4. The charcoal slinger: Your neighbor thinks they’re the go-to griller, but everyone else politely picks around their hockey-puck burgers at backyard cook-outs. Help them honestly earn Grill Master status; sign them up for a cooking class. Sur la Table offers hands-on classes in several major cities. Or gift an online course, like to the esteemed Auguste Escoffier culinary school.


  5. The adventurer: Their closet is full of camping gear and survival supplies just waiting for the next excursion. Give a gift certificate for trekking, skydiving, horse-packing tour, bungee jumping or a similar exhilarating experience with a reputable outfitter. And, if you’re brave enough, offer to go as well.


  6. The bored teen: It’s time to show your teen that you still know how to make them happy (and what's cool). Try a gift certificate to a VR arcade with hyper-real games, movie tickets, or music or dance lessons. Join them for an activity to reconnect with them on their level. And of course, if a teen is college-bound, a check earmarked for books, dorm supplies or a savings account is always welcome.


  7. The perennial giver: It’s been a long year for this friend, who puts everyone else first at home and work. Give them a boost in the self-care department with a spa appointment, in-home massage or a home-delivery meal service.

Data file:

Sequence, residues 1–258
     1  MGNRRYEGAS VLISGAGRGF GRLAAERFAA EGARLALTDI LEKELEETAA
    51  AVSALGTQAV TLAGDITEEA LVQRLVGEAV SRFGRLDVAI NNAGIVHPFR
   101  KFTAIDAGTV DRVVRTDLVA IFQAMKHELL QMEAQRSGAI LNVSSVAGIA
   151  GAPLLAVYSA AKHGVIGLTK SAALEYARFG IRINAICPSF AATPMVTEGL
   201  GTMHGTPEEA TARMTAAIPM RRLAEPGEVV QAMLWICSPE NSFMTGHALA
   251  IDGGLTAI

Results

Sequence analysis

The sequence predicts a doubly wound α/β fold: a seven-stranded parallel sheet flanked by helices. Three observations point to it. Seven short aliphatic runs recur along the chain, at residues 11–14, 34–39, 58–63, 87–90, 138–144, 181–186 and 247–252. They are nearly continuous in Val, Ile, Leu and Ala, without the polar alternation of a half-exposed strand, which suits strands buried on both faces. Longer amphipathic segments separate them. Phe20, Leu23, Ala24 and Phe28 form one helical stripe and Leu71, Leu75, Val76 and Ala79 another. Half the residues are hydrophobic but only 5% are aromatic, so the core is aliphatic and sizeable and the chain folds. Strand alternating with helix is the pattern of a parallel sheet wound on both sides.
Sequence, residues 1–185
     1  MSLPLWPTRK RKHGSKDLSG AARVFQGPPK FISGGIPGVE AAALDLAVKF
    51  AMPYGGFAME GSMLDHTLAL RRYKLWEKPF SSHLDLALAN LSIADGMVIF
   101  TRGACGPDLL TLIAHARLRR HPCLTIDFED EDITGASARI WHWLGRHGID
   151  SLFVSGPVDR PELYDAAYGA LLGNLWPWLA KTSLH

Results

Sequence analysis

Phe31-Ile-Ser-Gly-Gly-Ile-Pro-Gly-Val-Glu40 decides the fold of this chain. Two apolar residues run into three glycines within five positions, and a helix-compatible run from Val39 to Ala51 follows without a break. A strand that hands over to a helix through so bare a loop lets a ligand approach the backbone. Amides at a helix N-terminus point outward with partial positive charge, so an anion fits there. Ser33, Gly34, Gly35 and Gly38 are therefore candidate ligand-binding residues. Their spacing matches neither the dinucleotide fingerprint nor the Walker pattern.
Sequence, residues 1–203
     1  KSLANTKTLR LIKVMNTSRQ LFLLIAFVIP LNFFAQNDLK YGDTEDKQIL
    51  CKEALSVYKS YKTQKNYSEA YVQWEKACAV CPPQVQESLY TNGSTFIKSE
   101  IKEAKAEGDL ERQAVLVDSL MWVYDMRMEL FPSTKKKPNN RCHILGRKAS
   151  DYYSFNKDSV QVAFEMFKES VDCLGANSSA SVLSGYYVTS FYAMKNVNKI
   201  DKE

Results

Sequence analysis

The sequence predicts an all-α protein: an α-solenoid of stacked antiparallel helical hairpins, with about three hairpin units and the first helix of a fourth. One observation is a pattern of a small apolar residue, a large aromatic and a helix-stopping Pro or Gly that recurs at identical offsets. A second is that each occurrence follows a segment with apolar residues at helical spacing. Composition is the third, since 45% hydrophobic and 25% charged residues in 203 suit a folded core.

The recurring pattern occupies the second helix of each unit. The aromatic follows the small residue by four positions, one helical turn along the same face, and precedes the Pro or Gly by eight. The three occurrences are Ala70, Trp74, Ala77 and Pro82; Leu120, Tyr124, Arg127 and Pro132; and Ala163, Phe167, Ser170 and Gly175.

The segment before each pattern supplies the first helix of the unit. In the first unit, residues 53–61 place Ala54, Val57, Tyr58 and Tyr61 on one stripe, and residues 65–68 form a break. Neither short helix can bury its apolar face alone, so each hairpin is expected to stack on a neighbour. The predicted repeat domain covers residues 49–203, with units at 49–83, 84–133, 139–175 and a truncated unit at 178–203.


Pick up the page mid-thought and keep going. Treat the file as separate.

Young girl feeding an elephant at the zoo

Of course, gift-giving often goes both ways. So if you anticipate being on the (unwanted) receiving end of another present-palooza, there are gentle ways to ask family and friends to taper off.

Open the conversation, suggests Post, the etiquette expert, with something along the lines of, "This year, we're trying to be less focused on things and more about experiences. It would be so fun to support whatever you're into these days." If the hint goes unnoticed, still be grateful and gracious, Post says.

Finally, gifts are great, but nothing is more important than spending time with someone you love. Where you can, offer to accompany your friends and relatives as they explore the experiences you give. And, if they’re far away, plan for a mutually convenient long weekend to spend time creating memories that, unlike material things, never wear out.

Vanessa McGrady

covers personal finance, health and feminist parenting; she is also the author of ROCK NEEDS RIVER: A Memoir About a Very Open Adoption (Little A).